Your Bigpond email account resides on the computers of the ISP. As per their new policy, all messages older than 180 days will be removed permanently from Bigpond mail servers. So what can you do?
There are two solutions actually. The first is to shift all the messages to a personal folder and continue using the account via the Bigpond webmail interface. The second (which is more elegant) is to download and save the Bigpond email messages by transferring them using email program (also known as email clients). I suggest you use the second option.
All popular computers (Windows, Macs or Linux based machines) come with a pre-installed email program that you can use to download and save Bigpond email on your machine. Also, you can either use the default email program that comes with your computer or choose an alternative.
For instance, Windows XP users can go ahead with the popular (and free) Outlook Express or can use Windows Live Mail (the latest client from Microsoft), Mozilla’s Thunderbird (free), MS Outlook, Zimbra (Yahoo email program) etc. For details on these different clients, read Outlook Express alternatives. FYI, Outlook which costs about $140 as a standalone program, is a complete email package ideal for professionals and businesses. It can also be purchased bundled with Microsoft Office suite.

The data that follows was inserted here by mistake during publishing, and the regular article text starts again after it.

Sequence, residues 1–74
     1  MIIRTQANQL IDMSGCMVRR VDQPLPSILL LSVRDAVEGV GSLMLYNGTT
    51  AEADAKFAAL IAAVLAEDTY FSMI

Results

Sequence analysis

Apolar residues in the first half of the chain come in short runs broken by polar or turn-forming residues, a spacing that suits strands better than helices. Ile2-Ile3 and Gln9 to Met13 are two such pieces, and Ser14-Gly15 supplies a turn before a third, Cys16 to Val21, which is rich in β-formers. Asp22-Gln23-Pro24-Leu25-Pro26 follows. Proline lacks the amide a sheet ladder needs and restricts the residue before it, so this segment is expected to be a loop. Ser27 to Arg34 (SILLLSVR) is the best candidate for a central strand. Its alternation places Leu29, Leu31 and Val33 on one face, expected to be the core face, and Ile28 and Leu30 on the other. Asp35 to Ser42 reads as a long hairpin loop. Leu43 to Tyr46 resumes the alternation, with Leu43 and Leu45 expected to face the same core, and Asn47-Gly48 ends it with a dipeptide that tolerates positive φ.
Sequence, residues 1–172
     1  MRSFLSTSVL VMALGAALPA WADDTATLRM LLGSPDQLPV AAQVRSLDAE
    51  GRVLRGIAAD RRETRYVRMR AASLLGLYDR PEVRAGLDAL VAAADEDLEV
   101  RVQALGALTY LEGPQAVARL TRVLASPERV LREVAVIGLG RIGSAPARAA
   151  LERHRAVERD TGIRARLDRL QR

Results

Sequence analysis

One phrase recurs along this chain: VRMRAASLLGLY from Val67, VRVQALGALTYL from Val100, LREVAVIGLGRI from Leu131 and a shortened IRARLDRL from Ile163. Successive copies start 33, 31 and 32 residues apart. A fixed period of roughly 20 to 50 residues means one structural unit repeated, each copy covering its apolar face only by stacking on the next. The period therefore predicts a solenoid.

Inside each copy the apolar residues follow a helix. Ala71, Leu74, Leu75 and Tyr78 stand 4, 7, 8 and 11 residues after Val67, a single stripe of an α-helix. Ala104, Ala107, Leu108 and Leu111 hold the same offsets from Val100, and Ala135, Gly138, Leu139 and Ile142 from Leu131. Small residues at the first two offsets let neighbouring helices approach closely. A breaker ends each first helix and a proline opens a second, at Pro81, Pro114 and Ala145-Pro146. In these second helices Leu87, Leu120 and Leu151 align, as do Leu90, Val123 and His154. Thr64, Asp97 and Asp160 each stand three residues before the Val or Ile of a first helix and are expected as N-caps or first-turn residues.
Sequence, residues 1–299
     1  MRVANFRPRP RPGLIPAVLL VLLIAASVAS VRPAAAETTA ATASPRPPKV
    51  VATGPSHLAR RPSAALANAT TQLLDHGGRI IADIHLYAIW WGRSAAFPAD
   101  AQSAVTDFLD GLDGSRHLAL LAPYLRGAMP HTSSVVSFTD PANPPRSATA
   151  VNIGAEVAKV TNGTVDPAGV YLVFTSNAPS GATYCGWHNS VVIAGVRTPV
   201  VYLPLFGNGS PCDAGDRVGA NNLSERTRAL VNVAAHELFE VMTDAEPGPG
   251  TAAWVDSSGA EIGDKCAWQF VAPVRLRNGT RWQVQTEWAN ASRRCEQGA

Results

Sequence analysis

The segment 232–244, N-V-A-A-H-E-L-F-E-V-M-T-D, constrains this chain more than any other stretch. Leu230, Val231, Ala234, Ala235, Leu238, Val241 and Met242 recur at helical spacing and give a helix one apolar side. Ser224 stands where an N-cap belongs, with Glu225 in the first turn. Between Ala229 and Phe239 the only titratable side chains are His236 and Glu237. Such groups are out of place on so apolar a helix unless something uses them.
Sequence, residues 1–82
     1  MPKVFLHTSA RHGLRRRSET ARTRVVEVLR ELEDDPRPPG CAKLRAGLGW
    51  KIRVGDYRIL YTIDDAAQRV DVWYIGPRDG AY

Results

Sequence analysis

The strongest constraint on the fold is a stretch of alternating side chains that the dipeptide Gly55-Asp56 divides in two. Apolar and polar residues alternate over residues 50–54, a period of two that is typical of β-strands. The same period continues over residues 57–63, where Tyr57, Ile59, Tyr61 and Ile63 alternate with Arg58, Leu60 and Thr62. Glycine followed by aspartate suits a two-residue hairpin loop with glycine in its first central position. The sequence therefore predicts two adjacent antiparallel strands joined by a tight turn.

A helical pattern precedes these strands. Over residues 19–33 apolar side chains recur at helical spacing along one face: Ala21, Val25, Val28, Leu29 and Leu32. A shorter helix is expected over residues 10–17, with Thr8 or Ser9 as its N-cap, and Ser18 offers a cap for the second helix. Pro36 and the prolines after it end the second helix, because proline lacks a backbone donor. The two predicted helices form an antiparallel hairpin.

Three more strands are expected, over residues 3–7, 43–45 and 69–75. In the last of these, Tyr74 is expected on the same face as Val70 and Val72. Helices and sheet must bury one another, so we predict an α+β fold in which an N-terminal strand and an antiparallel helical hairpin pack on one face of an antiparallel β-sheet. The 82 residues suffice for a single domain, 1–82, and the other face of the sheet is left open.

Downloading Bigpond email to your computer involves setting up the account in the chosen email program using the POP email protocol. This is generally a very simple process taking hardly a couple of minutes. You need the account login details (username and password) and the Bigpond email settings. Typically, the email client “wizard” will walk you through each step of the set up process.
Help, as always, is at hand. Below are links to articles with detailed instructions and screenshots on how to get the Bigpond email account.
By the way, once you download and save Bigpond email messages on your computer, I also recommend taking a backup of this data routinely. This will help avoid any heartburn that may result from hard disk failures or program crashes.
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